If you had a 35mm camera you probably have a shoebox full of pictures that you never got around to sorting and putting in an album. In this series “Photos from the Shoebox” I take them out of the closest and shine light on them once more.
Often the journey is as interesting as the destination. My best friend and I had been in Nepal for almost two months. We had done the obligatory mountain treks and explored the city and its surroundings to its extent. We started to get that feeling. You’ve probably felt it too, the feeling of itchy feet, the need to move. It was November in Kathmandu and winter would soon arrive.
“Why not journey into Tibet?,” we mused. We found a tour operator who had one last overland trip to Lhasa before snow made the highway impassable. Back then in the 1990’s you had to join an approved tour. There was no opportunity for lone, off the beaten path type of travel.
We spent days in line-ups getting our visas and cashing in some traveller’s cheques to join an eclectic group of geriatric Americans, mid-aged Brits, a pair of young Swedish female backpackers and a couple of mysterious lone travellers.
The best place to sit in a bus? Front seats. From this point of vantage the windshield becomes your big screen TV. On one leg of the journey we drove for about seven hours over stark scenery that was beautifully barren and monochromatic.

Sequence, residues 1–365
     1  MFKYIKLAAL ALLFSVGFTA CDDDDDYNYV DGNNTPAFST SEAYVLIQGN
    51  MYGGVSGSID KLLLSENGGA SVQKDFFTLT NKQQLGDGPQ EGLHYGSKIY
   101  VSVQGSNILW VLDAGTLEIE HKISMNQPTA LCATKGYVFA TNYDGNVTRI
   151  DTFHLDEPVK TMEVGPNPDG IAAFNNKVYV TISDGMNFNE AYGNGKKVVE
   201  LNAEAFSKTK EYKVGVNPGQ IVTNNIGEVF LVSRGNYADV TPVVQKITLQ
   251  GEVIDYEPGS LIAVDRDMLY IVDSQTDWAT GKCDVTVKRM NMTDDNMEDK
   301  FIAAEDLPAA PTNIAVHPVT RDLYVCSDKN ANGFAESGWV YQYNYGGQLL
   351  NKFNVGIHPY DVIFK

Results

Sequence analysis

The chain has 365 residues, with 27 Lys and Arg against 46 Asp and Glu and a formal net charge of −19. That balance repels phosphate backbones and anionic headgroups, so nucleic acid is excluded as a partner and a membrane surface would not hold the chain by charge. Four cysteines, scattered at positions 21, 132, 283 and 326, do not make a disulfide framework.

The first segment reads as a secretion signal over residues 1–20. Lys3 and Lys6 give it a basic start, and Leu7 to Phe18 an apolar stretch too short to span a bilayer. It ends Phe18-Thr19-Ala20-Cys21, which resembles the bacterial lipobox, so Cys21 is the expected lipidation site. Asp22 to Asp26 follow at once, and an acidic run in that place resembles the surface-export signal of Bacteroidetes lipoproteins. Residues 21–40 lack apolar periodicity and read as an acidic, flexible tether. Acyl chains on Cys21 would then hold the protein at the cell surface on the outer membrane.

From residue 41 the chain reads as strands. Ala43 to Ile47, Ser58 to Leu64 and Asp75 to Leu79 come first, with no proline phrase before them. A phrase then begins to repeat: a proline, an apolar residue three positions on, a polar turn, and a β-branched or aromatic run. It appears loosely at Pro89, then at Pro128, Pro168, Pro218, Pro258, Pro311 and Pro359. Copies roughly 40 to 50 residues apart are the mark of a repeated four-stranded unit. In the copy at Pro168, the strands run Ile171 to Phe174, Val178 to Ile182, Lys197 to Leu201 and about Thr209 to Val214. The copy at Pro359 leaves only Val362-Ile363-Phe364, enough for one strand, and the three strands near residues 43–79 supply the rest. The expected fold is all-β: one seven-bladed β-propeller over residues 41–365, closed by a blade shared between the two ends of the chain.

What started out as a black dot on the horizon soon materialized into flesh and blood. A curious nomad left his herd to come and check us out. It was not often they came across foreigners.
As hours and kilometres ticked by we had the luxury of immersing ourselves in personal reflection. It was the perfect condition for an introvert like myself.
Every Tibetan we came across greeted us with an excited exuberance, always laughing and asking for the same thing. They all wanted a picture of the Dalai Lama, forbidden by the Chinese.
The locals were peculiarly the same colour as the landscape – mottled shades of brown, blue and grey and often covered with dirt.
I can’t imagine living in this environment. It may be a simple life but it’s a harsh existence.
Our bus took a beating breaking two springs and putting up with a bunch of progressively cranky travellers confined inside its metal box.
On the fourth day the browns and greys gave way to a beautiful turquoise. We’ve made it to sacred Yamdrok Lake, one of Tibet’s three holy lakes.
Time always seems to pass slower as you get closer to your final destination. Patience is in short supply. Anxiousness takes its place. Finally, we reached Lhasa where a nice Holiday Inn greeted us with a hot shower, comfortable bed and decent food. After a long, tiring journey who doesn’t like a little pampering?